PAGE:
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Offline fishpharmer

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Re: What kind of leaf is this?
« Reply #30 on: October 28, 2009, 09:23:12 PM »
ncsu, although it may look like its on a hill.  It is growing on floodplain land.  Every time we get a good rain its feet stay soaked for a day or so.  Actually the roadway behind it is on an elevated levee.
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Offline climbncut

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Re: What kind of leaf is this?
« Reply #31 on: October 29, 2009, 12:19:51 AM »
Maybe 80 years old.

If that tree is only 80yrs old, then the growth rings would be 2-3 inches wide. It would surprise me if the tree was only 100yrs old. I've never seen a tree with that large of rings...not even pin oak.
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Online SwampDonkey

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Re: What kind of leaf is this?
« Reply #32 on: October 29, 2009, 04:47:02 AM »
When we talk cows and tree in the same sentence it usually refers to "cow shade spruce tree" and not the acorns. But, alas, white spruce don't have acorns. :D
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Re: What kind of leaf is this?
« Reply #33 on: October 29, 2009, 09:37:21 AM »
Maybe 80 years old.

If that tree is only 80yrs old, then the growth rings would be 2-3 inches wide. It would surprise me if the tree was only 100yrs old. I've never seen a tree with that large of rings...not even pin oak.

The diameter of the Champion was 69", a shade less than 6 feet.  It was 131 feet tall.  If the tree is 80 years old, then the average diameter growth would be .86" per year.  That would equate to growth rings that averaged .43" per year on each side, a little less than 1/2" of radial growth per year.  That is within the realm of reason. 

However, we don't know the actual age, but I have seen oaks on pampered sites that had growth rings of 1/2" per year.   But to your point, it could be older.  On that site, I could not imagine it being over 100 years old, though.

Just think that if it was in Texas it would be even bigger since everything is bigger in Texas  ;D  ;D.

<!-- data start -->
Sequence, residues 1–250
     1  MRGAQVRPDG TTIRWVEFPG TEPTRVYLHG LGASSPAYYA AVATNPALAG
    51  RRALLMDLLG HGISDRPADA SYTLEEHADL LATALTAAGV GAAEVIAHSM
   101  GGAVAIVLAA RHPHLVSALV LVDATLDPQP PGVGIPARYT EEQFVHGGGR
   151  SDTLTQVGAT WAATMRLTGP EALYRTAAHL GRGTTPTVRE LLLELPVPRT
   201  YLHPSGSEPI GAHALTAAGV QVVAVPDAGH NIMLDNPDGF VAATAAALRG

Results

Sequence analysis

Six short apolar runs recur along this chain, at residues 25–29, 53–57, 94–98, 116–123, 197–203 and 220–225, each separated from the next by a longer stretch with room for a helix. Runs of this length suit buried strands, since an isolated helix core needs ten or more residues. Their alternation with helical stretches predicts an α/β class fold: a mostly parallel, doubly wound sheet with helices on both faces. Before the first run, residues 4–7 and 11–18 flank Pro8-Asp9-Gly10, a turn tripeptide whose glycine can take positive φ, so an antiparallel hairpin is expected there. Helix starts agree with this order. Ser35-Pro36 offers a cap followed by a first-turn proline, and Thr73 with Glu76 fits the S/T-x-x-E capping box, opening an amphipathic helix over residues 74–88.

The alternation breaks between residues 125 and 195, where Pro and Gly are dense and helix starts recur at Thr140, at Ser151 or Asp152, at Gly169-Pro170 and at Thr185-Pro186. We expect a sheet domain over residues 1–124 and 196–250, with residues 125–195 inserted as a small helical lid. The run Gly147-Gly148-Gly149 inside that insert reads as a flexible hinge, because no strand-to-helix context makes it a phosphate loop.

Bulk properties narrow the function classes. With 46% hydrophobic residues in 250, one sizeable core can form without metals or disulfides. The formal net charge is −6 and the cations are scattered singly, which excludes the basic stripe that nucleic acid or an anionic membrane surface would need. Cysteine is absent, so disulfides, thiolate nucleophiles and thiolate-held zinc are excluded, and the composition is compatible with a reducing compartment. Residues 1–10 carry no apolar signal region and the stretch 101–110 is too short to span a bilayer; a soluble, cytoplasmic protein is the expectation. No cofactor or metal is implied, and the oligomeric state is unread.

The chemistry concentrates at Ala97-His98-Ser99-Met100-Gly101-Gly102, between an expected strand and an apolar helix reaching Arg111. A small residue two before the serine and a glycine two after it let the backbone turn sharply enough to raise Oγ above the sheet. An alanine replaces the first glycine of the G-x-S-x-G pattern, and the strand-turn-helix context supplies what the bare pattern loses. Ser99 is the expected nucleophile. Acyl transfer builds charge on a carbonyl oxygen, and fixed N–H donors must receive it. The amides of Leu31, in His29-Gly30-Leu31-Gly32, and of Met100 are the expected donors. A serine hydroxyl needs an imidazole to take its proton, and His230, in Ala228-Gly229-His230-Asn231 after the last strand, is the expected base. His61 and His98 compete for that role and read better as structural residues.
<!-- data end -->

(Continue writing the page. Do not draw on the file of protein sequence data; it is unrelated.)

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Offline Tom

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Re: What kind of leaf is this?
« Reply #34 on: October 29, 2009, 01:18:02 PM »
Contrary to trees that grow in New Brunswick, the South has some prime opportunities for trees to reach great heights, as well as large diameters.  Swamps and Hammocks, already inhabited with species of trees that reach great heights, like Cypress and Pine, will have saplings of their offspring reaching for sunlight through their already mature parents.

We have long growing seasons, plenty of sunlight, rich ground, plenty of water and, until recently, areas of undisturbed acreage.

Also, contrary to the general consensus that we rape forests, the south is full of agricultural people who appreciate the size and health of their trees.

I've seen Loblolly pine with growth rings greater than one inch.  That's two inches of diameter a year, or more.
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Re: What kind of leaf is this?
« Reply #35 on: October 29, 2009, 05:07:50 PM »
Contrary to trees that grow in New Brunswick Central Kentucky, the South has some prime opportunities for trees to reach great heights, as well as large diameters.

Tom Tom. Far be it for me to doubt anyone with experience in the south. I think you was referring to someone else in the thread. :D

Now getting down to diameter growth, our fastest grown native tree is large tooth aspen. I seen it grow in groves following a cut and reached 8" dbh in 13 years and 45-50 feet tall. Should grow more of it, it's worth as much as hardwood, sometimes more. It never grows in pure stands here, just little pockets or mixed in trembling aspen, but usually on the best sites. Trembling will grow on swamps as well as dry high ground.
Move'n on.

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Re: What kind of leaf is this?
« Reply #36 on: October 30, 2009, 03:47:02 PM »
Oops!  Yer right!  :D   Here's your chain back.  :D :D :D